Friday, June 22, 2012

How Many Students CAN Actually Work Through School?

A decent article in The Atlantic by Jordan Weissmann today. He looks at employment levels of college students over the last 40 years, and argues that economic conditions have made it harder for undergrads to find employment and pay their way through school.

One of the charts he displays looks like this:
Source: Jordan Weissman, The Atlantic. 
It shows undergrad unemployment peaking in 2000, then falling rapidly after that. This supports an economy-driven causal story. As Weissmann summarizes his own argument:
...here's my take: There are a limited number of jobs that are open to students (a college town can only have so many barristas, after all), and more students than ever to compete for them. Meanwhile, it's hard time for anyone to get work, especially those who don't have a degree. Perhaps we shouldn't expect it to be any easier for young people still looking to earn theirs.
This is all perfectly reasonable, as far as it goes. But I'd like to propose another causal story, which is perhaps a richer account of the available data.

One weakness in the graph above is that it only shows a percentage, not the raw number of students in school or employed. Looking at the same data source as used by Weissmann, a report by the U.S. Department of Education, I found the following graph which displays the number of male/female, and full/part-time students from 1970 to the present.

USDE, Condition of Education 2012, p. 35. Click image to see full-size version.
Number of men enrolled has doubled since 1970, and the number of women enrolled has tripled. Meanwhile, the overall U.S. population has risen from 203 million in 1970 to 311 million, and increase of just 50%. Clearly, college attendance is being driven by more than just population growth: people who, in a previous decade, would not have chosen to attend college are now doing so.

Higher average college attendance tells something about the type of people now attending American colleges. If (suppose) only the top 20% of students in 1970 went to college, and now the top 40% of students go to college, the median percentile of "student quality" (whatever that means) has dropped from about 10%, to about 20%. In other words, the average student in 1970 was probably more determined, intelligent, and motivated than the average student in 2010, simply because it was more extraordinary to go to college in 1970.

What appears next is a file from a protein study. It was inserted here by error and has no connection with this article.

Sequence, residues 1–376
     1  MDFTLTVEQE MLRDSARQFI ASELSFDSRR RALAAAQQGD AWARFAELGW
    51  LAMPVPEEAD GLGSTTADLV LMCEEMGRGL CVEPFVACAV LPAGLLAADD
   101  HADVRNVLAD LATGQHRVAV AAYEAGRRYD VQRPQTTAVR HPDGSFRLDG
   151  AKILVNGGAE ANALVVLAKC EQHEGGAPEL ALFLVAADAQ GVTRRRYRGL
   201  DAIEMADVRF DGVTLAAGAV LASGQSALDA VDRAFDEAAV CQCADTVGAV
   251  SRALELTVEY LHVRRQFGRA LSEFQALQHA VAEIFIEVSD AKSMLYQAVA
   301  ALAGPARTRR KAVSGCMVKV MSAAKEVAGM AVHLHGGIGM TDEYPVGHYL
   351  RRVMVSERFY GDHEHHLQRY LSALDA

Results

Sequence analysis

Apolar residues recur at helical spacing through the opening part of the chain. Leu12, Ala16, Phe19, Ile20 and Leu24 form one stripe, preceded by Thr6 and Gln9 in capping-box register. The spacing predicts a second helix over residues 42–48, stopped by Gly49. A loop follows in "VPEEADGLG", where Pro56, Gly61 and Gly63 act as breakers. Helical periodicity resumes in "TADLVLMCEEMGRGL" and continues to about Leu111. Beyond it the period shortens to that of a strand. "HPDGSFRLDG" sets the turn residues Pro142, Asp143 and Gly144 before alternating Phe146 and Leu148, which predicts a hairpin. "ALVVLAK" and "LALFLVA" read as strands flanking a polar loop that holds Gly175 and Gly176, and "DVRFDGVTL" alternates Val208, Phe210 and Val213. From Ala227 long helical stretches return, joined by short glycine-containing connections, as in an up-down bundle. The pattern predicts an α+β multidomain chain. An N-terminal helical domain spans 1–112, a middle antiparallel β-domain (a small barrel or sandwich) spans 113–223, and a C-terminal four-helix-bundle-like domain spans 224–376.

Hence my slight twist, and more literal interpretation of Weissmann's article title. Determining whether a student can work during college depends on more than just number of students and number of jobs, it also depends on quality of students. Can you hold down a 40 hour a week job and also be a full-time student? Some certainly can, but not everyone.

Of course, as Weissmann emphasizes, there are only so many college-friendly jobs available, and we can't all work as barristas. However, this also speaks to the types of majors that modern college students are choosing. An English or philosophy student has few marketable skills before getting a degree, but a second- or third-year engineering or computer science student might already be able to do useful work in the field.

Meanwhile, the number of students in STEM disciplines has remained stable since 1970 while the number of overall students in college has skyrocketed, leaving a smaller proportion students with marketable skills.

Economic conditions certainly play a role in the number of college students able to get work during school, especially as they compete with out-of-work professionals who already have job experience. However, the other side of the story is that the characteristics of college students have also been changing over time based on choices and aptitude of the students.

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